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Gepubliceerd in: Journal of Autism and Developmental Disorders 9/2007

01-10-2007 | Original Paper

The Problem with Using Eye-Gaze to Infer Desire: A Deficit of Cue Inference in Children with Autism Spectrum Disorder?

Auteurs: Catherine S. Ames, Christopher Jarrold

Gepubliceerd in: Journal of Autism and Developmental Disorders | Uitgave 9/2007

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Abstract

Children with autism respond atypically to eye-gaze cues, arguably because they fail to understand that eye-gaze conveys mentalistic information. Three experiments investigated whether a difficulty in inferring desire from eye-gaze in autism reflects a failure to understand the mentalistic significance of eye-gaze, an inhibitory deficit or a deficit of cue inference. While there was an inhibitory component to the tasks, children with autism were no more affected by this than controls. In addition, individuals’ impairment in inferring desire was not limited to social cues, but was also observed when desire was cued by more general cues. Consequently, children with autism may have a general deficit in using arbitrary cues to make inferences, which impacts particularly on their social development.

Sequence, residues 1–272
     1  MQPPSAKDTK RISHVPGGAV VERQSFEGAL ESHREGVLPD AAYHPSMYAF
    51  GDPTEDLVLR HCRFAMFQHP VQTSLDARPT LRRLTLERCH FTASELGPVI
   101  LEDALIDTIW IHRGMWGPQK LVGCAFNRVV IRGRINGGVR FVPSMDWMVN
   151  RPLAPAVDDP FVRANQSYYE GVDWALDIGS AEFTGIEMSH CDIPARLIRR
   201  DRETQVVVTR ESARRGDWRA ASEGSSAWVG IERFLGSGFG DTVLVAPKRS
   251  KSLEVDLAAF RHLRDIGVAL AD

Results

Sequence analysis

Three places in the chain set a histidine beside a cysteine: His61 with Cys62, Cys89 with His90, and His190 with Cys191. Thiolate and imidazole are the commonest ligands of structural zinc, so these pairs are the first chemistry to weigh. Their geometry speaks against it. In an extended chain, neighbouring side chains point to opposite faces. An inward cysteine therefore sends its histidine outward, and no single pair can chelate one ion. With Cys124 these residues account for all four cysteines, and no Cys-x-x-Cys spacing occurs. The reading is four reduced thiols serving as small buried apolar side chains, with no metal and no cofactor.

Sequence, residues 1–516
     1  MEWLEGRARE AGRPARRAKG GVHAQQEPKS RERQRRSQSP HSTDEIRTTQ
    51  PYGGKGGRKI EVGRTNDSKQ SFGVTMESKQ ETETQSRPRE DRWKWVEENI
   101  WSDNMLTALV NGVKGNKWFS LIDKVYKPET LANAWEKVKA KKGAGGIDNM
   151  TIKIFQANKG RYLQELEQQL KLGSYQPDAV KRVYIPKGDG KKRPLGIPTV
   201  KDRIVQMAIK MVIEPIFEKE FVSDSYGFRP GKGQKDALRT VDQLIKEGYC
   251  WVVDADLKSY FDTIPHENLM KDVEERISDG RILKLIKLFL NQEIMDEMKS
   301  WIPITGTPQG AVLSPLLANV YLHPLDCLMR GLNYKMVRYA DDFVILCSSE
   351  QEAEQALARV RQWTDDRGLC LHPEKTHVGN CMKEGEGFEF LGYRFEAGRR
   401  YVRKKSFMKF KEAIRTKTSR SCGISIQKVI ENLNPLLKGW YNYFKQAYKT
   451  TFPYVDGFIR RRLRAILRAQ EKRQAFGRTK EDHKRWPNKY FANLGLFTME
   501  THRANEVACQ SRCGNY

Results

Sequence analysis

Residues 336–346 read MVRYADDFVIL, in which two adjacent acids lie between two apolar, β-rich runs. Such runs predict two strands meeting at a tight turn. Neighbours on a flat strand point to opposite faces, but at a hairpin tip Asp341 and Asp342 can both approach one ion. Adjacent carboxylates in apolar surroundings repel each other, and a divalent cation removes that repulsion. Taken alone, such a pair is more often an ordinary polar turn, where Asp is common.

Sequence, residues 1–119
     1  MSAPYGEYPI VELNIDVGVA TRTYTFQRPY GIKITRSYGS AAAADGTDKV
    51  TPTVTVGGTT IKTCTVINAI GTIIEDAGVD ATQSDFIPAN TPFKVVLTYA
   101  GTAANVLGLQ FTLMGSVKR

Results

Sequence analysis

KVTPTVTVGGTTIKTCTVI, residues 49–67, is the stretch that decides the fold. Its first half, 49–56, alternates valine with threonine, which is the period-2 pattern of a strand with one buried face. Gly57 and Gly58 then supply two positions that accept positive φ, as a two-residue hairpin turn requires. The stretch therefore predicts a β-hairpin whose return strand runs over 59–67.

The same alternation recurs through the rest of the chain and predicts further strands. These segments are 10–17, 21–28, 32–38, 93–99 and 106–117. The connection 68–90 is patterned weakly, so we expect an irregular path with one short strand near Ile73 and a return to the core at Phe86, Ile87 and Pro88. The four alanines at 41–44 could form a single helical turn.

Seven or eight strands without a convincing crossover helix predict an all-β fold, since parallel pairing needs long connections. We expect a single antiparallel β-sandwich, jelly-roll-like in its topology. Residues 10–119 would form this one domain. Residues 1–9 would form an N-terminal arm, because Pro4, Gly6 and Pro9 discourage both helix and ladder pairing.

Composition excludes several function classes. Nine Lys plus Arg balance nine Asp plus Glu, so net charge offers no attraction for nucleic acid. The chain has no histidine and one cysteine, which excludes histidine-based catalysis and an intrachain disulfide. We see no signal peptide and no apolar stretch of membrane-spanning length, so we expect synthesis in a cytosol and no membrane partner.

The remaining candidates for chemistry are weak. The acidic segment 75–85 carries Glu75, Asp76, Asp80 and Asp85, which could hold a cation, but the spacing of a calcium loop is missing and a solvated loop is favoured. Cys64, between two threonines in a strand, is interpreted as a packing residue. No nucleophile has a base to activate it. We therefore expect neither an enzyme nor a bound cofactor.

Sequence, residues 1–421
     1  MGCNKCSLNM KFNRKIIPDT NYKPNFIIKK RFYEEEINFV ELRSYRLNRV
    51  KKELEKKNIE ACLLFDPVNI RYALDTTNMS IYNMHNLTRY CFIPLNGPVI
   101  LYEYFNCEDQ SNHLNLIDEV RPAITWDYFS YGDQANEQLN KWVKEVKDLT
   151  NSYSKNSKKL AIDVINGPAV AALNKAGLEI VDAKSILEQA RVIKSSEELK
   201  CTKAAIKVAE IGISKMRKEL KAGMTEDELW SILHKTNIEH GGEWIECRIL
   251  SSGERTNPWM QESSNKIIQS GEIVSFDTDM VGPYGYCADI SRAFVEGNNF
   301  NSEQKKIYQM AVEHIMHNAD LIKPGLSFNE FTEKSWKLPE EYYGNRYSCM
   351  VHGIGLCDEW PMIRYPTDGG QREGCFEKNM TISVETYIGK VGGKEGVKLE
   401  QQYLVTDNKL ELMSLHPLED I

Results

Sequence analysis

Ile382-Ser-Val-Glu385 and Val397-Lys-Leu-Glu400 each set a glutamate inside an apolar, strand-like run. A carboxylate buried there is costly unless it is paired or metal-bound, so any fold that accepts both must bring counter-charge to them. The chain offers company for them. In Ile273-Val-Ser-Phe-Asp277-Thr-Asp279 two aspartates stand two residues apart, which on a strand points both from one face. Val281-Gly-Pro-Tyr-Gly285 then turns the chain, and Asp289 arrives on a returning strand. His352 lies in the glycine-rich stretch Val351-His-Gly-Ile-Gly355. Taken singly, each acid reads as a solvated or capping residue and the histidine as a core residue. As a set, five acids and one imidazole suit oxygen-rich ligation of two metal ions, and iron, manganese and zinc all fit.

Voetnoten
1
The homogeneity of regression slopes assumption was met for all analyses except that of Experiment 1a when the interaction between BPVS scores and group was significant (p  < .01). However, the inclusion of this covariate does not change the outcome relative to the uncovaried analysis. Hence, both BPVS and Ravens scores are included as covariates throughout.
 
2
All planned comparisons are between the ASD group and an equally weighted combination of the TD and MLD groups.
 
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Metagegevens
Titel
The Problem with Using Eye-Gaze to Infer Desire: A Deficit of Cue Inference in Children with Autism Spectrum Disorder?
Auteurs
Catherine S. Ames
Christopher Jarrold
Publicatiedatum
01-10-2007
Uitgeverij
Springer US
Gepubliceerd in
Journal of Autism and Developmental Disorders / Uitgave 9/2007
Print ISSN: 0162-3257
Elektronisch ISSN: 1573-3432
DOI
https://doi.org/10.1007/s10803-006-0309-5